For Gray, his breakout seems to lie in how much he’s willing to forgo using his 4-seam fastball as his primary pitch. It’s a difficult ask of a 25 year old, the bulk of Gray’s success as an amateur and minor league prospect was built off of that fastball. It would be ridiculous to expect him to completely ditch the pitch, especially this early in his career. But by throwing his best pitches (slider and curveball) earlier and more frequently, the indicators that point to increased CSW, specifically on the edge of the zone. That increase of “edge CSW” is a key factor in stealing strikes early in counts, putting hitters at more of a disadvantage. More uncomfortable at bats should lead to a reduction in home runs (though he will still remain a flyball pitcher), reversing Gray’s reputation as a “Cherry Bomb”.

We tend to say that player development isn’t linear but it’s an adage that’s hard to keep in mind with highly rated prospects. But Josiah Gray is a reminder that finding the way to harness your full potential isn’t always black & white.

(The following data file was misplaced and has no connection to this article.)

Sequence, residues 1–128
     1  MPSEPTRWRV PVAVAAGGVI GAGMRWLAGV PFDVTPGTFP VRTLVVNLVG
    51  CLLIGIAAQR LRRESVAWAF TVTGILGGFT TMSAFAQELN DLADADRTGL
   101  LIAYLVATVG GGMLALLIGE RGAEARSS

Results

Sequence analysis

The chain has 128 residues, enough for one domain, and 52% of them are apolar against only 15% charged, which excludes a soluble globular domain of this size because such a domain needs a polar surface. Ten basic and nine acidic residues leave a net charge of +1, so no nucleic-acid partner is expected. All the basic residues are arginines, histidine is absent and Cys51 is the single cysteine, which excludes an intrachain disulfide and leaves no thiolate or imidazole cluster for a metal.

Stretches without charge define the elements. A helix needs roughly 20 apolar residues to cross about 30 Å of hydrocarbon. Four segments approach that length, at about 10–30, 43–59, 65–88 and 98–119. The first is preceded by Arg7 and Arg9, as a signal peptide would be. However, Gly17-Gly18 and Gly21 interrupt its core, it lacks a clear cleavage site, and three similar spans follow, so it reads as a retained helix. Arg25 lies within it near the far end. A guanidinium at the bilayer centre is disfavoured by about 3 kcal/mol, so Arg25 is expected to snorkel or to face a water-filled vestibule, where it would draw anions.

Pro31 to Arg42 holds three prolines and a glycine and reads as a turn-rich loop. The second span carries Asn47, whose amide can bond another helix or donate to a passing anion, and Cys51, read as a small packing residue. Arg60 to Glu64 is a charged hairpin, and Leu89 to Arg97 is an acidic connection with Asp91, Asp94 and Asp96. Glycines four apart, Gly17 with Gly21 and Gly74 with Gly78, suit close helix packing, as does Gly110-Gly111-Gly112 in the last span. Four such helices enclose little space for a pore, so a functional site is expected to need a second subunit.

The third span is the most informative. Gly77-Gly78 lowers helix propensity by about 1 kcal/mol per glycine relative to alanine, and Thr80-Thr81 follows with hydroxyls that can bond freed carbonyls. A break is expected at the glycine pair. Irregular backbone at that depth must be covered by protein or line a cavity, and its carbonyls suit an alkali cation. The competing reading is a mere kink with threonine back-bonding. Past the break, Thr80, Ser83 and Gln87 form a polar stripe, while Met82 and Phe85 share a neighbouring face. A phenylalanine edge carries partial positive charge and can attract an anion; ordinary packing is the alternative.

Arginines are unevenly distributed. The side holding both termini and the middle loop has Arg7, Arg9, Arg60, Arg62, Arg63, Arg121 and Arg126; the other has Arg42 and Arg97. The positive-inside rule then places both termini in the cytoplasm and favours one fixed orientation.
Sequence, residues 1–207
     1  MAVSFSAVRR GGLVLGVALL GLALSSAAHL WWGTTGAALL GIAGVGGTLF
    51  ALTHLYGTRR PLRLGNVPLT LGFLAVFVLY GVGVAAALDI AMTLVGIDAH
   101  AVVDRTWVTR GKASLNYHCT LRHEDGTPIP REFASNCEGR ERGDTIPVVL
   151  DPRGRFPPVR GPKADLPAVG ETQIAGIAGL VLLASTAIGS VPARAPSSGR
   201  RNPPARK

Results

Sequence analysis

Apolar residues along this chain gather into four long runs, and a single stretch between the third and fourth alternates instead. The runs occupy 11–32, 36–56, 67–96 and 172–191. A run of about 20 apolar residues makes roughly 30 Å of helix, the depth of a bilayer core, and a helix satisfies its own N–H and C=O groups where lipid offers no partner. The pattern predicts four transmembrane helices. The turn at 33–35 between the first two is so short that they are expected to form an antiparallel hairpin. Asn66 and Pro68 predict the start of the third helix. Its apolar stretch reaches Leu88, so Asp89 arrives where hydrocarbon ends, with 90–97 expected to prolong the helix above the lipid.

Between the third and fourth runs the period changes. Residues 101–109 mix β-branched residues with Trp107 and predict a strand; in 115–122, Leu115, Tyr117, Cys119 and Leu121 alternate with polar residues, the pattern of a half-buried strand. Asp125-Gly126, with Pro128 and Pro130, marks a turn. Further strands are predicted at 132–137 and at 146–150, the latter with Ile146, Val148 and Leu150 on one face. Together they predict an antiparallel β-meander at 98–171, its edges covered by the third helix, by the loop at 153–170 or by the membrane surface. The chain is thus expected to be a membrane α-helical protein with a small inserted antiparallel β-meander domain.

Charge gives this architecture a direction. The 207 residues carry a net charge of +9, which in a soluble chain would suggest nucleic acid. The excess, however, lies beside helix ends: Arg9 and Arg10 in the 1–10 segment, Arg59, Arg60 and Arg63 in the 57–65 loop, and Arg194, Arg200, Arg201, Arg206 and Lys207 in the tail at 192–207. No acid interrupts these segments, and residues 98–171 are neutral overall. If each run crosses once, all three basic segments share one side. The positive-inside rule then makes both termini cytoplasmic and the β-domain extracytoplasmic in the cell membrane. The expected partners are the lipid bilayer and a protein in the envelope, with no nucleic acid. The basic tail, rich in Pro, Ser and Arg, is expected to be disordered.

LaMar Gibson

A lifelong Baltimore Orioles fan that still hasn't forgiven Jeffrey Maier, Tony Fernandez, the 2014 Royals, or Edwin Encarnacion...and has no interest in doing so in the foreseeable future. You can read more of LaMar's thoughts by subscribing to his free monthly newsletter, Inside Fastball, for all things prospects.

4 responses to “A New Shade of Josiah Gray”

  1. Brian Clayton says:

    Nice article! Really enjoyed reading it!

  2. Ross says:

    I’d also like to see him mix in the sinker a bit more. Not that it was great, but he only started using it the latter part of last year. Could help reduce the fly balls early in the count.

    • LaMar Gibson says:

      Definitely would be interesting to see if he worked the sinker or some general 2-seamer into the mix more. But as you noted, what he showed us wasn’t that impressive. I think the next best step for Gray is leaning into his best pitches first (Slider, Curve). Thanks for reading!